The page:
The Conditional (ternary) operator, cleaning up if-else assignments since 1996

1 minute read

The conditional operator, or ternary operator as it is otherwise known is a great way for assigning variables based on boolean tests. For example you may have seen the following :

public class MonkeySniffer
{
    public static void main(String[] args)
    {

        int x = 5;
        String s;

        if (x < 10)
        {
            s = "Its less than 10";
        }
        else
        {
            s = "its greater than 10";
        }
        System.out.println(s);
    }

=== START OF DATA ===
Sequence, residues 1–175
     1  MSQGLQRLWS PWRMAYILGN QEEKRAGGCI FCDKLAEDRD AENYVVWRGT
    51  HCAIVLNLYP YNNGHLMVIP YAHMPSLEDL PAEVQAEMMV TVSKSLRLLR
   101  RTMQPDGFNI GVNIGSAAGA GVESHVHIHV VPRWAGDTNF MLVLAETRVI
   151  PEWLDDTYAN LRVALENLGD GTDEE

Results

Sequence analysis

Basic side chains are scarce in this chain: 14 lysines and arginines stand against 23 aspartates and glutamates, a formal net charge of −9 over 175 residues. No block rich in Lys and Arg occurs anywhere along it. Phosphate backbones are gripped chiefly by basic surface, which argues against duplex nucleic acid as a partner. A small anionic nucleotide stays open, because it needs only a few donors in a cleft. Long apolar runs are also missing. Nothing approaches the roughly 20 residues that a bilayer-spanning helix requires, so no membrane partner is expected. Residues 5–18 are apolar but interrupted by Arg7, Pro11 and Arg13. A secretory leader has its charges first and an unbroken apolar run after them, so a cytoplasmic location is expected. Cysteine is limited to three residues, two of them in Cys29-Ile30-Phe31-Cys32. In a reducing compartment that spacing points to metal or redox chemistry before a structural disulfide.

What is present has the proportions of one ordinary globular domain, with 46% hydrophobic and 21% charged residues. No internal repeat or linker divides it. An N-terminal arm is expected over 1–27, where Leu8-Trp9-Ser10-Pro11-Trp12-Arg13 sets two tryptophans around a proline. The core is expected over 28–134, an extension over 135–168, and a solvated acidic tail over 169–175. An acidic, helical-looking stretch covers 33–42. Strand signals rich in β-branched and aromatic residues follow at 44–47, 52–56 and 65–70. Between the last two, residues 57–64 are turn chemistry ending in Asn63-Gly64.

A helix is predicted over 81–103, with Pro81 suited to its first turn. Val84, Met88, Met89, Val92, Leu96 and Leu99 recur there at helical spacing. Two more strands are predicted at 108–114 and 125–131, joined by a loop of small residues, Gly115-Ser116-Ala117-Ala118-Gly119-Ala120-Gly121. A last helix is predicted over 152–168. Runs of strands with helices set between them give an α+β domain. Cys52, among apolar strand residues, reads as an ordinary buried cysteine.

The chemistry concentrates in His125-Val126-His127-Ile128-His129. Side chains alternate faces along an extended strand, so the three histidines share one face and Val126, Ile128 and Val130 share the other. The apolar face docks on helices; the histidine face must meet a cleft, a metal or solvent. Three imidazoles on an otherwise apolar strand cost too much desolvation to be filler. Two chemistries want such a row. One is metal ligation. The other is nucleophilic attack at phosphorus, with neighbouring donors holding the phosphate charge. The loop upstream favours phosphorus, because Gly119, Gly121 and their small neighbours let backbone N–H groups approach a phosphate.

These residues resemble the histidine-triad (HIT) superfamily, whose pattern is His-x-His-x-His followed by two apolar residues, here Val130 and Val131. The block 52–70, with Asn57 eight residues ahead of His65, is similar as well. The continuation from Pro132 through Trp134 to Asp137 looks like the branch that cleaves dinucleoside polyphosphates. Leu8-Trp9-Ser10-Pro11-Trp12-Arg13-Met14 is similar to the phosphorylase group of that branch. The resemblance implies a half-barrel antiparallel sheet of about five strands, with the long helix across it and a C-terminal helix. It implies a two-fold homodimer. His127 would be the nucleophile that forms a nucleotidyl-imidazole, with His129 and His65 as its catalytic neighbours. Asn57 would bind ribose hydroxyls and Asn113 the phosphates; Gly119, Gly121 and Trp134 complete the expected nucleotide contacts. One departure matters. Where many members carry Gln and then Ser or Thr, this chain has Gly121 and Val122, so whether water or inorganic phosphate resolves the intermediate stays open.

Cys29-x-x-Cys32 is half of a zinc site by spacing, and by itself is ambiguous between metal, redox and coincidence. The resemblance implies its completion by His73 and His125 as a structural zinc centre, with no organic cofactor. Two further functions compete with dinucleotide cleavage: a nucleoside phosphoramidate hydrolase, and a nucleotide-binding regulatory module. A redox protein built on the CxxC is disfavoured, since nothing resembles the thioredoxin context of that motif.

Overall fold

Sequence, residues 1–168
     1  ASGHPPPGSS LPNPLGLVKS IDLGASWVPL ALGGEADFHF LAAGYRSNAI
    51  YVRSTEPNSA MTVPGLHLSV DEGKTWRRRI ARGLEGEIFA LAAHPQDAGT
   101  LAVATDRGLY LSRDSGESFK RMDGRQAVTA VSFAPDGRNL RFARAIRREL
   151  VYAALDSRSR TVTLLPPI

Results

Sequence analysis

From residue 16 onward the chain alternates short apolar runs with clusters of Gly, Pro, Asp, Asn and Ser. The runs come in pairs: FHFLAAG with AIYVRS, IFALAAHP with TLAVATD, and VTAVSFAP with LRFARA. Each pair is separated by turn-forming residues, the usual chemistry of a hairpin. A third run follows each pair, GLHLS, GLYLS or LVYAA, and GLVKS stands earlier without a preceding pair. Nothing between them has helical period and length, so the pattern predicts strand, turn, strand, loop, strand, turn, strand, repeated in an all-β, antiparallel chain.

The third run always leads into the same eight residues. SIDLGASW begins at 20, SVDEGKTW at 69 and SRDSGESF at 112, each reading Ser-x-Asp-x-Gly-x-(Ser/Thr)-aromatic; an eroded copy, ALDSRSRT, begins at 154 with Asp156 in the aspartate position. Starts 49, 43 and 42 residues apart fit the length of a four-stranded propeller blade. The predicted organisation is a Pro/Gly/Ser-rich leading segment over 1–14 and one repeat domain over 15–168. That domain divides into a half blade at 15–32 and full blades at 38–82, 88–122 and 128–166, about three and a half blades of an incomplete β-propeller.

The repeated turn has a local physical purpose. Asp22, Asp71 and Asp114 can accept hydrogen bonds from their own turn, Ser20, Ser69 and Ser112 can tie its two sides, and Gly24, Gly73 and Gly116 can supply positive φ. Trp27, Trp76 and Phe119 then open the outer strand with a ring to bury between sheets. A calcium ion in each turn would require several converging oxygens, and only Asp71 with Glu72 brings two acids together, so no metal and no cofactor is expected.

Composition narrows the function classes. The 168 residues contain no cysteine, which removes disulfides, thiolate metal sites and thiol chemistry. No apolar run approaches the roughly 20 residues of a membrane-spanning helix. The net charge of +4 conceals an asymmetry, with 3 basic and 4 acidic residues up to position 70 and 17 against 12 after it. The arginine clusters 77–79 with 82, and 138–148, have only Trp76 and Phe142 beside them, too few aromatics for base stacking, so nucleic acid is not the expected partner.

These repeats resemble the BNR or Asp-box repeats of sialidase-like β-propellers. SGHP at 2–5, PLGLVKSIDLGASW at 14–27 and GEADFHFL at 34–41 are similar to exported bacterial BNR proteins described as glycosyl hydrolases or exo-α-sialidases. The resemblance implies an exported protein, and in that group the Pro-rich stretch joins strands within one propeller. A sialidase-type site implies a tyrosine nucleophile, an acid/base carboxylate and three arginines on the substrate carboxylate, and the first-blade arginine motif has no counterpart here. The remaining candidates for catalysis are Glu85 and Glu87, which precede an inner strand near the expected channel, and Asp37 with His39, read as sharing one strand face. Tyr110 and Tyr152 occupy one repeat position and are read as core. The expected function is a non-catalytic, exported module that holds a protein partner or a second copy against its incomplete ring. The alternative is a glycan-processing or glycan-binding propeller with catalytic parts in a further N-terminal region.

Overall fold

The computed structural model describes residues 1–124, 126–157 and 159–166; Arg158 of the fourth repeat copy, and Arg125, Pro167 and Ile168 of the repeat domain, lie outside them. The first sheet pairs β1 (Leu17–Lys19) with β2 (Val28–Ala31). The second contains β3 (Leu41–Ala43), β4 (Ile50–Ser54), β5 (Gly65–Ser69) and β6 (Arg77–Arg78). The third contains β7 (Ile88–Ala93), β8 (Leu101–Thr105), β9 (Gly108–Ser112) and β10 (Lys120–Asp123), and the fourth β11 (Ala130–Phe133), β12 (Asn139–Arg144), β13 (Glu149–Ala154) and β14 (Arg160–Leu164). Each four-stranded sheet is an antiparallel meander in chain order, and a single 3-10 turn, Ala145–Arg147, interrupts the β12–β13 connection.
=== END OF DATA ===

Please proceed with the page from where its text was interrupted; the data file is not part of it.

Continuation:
}

Pretty simple right? However that if-else statement is a bit messy considering all we’re doing is checking a condition and then using the output of that to assign a literal to our String reference.

A ternary operator allows us to perform the conditional check AND the assignment all in one line, it looks a bit like this in its psuedo code format

condition ? value if true : value if false 

Lets modify the above sample to use the ternary operator. In plain English, we say that s is going to be assigned from either the true or the false condition based on the condition.

public class MonkeySniffer
{
    public static void main(String[] args)
    {

        int x = 5;
        String s;
        s = x < 10 ? "Its less than 10" : "its greater than 10";
        System.out.println(s);
    }
}

How much neater is that?! What happens is, the condition is evaluated, i.e., the “x Further Reading :
Wikipedia conditional operator